Zero Hour in Bergen: The Rutherford Labor Day Street Festival

Rutherford Labor Day Festival

The Rutherford Labor Day Street Festival has been a tradition drawing in tens of thousands of visitors for some time now, and anyone who wants to make some face time does well to make an appearance there—even in the midst of intermittent rainstorms, as was the case Monday.  Enter, then, some of Bergen’s political and would-be political figures.

Democrat Frank Nunziato
Democrat Frank Nunziato, a councilman seeking to succeed outgoing Mayor Joseph DeSalvo, Jr.

Outside his campaign headquarters was a booth for Democrat Frank Nunziato, a councilman seeking to succeed outgoing Mayor Joseph DeSalvo, Jr.  Nunziato defeated Murphy-ally Stephanie McGowan and is running on a ticket with incumbent Councilmen Mark Goldsack and Thomas Mullahey.  Democratic campaigners marched with signs for Nunziato’s team along with incumbent Assemblymen Clinton Calabrese and Gary Schaer; plus Freeholders Germaine Ortiz, Thomas Sullivan, and Mary Amoroso.  The political representation extended to the federal level as well: Congressman Bill Pascrell and Congressman Josh Gottheimer made appearances and Bernie Sanders campaigners had set up a booth.  The Green Party of New Jersey was represented as well with Madelyn Hoffman—challenging Cory Booker for US Senate—and Craig Cayetano of Hawthorne (in Passaic), seeking his town’s 3rd ward council seat.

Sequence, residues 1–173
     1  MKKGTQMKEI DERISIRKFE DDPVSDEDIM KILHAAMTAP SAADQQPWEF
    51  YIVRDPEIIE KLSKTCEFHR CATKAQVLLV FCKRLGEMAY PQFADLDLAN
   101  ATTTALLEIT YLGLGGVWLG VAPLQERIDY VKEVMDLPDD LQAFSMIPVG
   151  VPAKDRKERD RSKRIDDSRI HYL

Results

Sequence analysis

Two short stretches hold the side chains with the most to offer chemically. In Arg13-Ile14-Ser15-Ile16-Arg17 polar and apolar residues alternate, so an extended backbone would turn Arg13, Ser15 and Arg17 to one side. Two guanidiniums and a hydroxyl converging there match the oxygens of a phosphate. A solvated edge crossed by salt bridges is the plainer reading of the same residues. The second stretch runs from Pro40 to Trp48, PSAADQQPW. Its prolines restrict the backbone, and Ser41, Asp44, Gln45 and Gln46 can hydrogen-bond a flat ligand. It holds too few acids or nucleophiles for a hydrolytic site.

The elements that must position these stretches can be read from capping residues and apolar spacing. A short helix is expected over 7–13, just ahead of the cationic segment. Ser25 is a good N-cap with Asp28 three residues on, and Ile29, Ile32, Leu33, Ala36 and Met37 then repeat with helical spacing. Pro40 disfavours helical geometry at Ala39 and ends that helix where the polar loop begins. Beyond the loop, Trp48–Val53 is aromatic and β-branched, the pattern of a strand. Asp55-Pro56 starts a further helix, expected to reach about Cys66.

Schaer and Calabrese troops.
Schaer and Calabrese troops.

But heavily represented though it was, the political left was not the only show in town. Republicans Khaldoun Androwis and Foster Lowe ducked out of the rain to talk a moment while red signs were carried for Rutherford council candidates Ryan Weist, State Committeeman of the Bergen County Young Republicans, and businesswoman Kristina Gagliardi-Wilson.

Rutherford Labor Day Festival

Lowe is a property managing agent who ran for Assemblyman in district 36 with Rosina Romano against Democratic incumbents Gary Schaer and Marlene Caride in 2013. He was on the streets with financial executive and Wallington councilman Khaldoun Androwis in his second term.  Androwis and Lowe face a tough challenge against the incumbents.  Androwis cited Murphy’s troubles.  “I think for us we have some problems with Murphy and the EDA, Schools Development.  He stated he wants to make New Jersey a sanctuary state, we aren’t too pleased.  Taxes are always an issue.”  Lowe believes that to reduce the tax burden, an unpopular but-oft-cited option may have to be considered: shared services.  “I’m a home rule guy, but we may have to do something in the future.  Property taxes are out of control.  I think that’s what may have to be done.  People love their towns, we all do, but one of these days we may have to back off.”

Governor Phil Murphy championed adult-use marijuana, meeting with no success in the legislature.  Androwis and Lowe are only half-convinced.  “I don’t think we need recreational,” Androwis said, explaining that he made a motion to pass an ordinance in Wallington that no marijuana businesses could open in the borough if legalized statewide.  On medical, the two have no problem, but recreational, they say, presents a danger.